To it was joined a fusillade which produced a good effect, for on the day of the twenty-sixth, several corpses were to be seen from the place scattered between the glacis and the hostile trenches. Some muskets that had been left by those killed were picked up. Since the enemy did not take them away, their bodies were buried in the bellies of hungry foxes and dogs which were very numerous there, and which devoured them in a short time in the sight of our men who manned the walls.
At eight in the morning, some Indian and mestizo spearmen presented themselves before the enemy’s trenches, without that movement on their part having been preceded by any order. On approaching the advanced outposts who were occupying the sacristies of the church of San Juan de Bagumbayan, the bakery, and other neighboring houses, those Indians (although few in number), threw themselves on the enemy with such fury that they gained possession of the posts which have just been mentioned. They drove out the hostile musketeers, wounding and killing all that they met. But the English were promptly succored by a reinforcement of three hundred fusileers, who regained the posts that they had lost, and caused the Indians to retreat, to whom a signal was made from the bastion of San Andres to leave a clear field so that the fire of our artillery could have free play. The artillery did, by this means, great harm to the enemy.
During the progress of this bloody action, an offjcer of the camp was perceived, who was carrying a white ﬂag. He was followed and accompanied by a young man clad in black, and by a drummer beating the chamade. The fire of our artillery was suspended, but the fusillade of the enemy continued with unequaled obstinacy, against the Indian spearmen who always sustained that ﬁre. Consequently, the Indians attacked the English officer, killed him, and gave seven mortal wounds to the young man who accompanied him. The drummer was also killed, and another person who appeared to be the servant of the officer. The Indians cut off the head of the latter, but not being longer able to endure the hostile ﬁre they retired to the covered way of the royal gate, which was opened for them so that they could re-enter. Following are the facts of the case. The nephew of the archbishop, Don Antonio Sierra de Tagle, having been made prisoner on board the little galley and conducted aboard the ﬂagship, of which we have spoken above, the English commander-in-chief had offered in advance to grant him his liberty, and the English officer was conducting him for that purpose. That young man died of his wounds.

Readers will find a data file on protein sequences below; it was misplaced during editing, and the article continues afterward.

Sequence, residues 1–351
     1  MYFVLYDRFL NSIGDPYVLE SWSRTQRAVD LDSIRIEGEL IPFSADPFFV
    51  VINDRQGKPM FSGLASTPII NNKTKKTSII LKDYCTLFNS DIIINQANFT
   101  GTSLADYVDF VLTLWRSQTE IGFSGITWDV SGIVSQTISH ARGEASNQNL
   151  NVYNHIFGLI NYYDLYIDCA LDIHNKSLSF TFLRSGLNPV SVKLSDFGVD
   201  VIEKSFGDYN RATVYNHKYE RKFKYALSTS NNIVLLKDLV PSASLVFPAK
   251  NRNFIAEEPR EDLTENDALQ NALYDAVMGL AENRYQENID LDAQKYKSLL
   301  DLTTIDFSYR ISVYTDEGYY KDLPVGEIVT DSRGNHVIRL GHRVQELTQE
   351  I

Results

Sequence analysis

During the whole of this day, the bombardment continued with fury, the enemy having increased their batteries of the church of Santiago by three mortars. After dinner an officer was despatched to the camp of the enemy to agree upon a truce, so that they could take away the body of their officer who had been killed. They did so, but many other dead bodies were left. On our side also, some who had been wounded were brought in.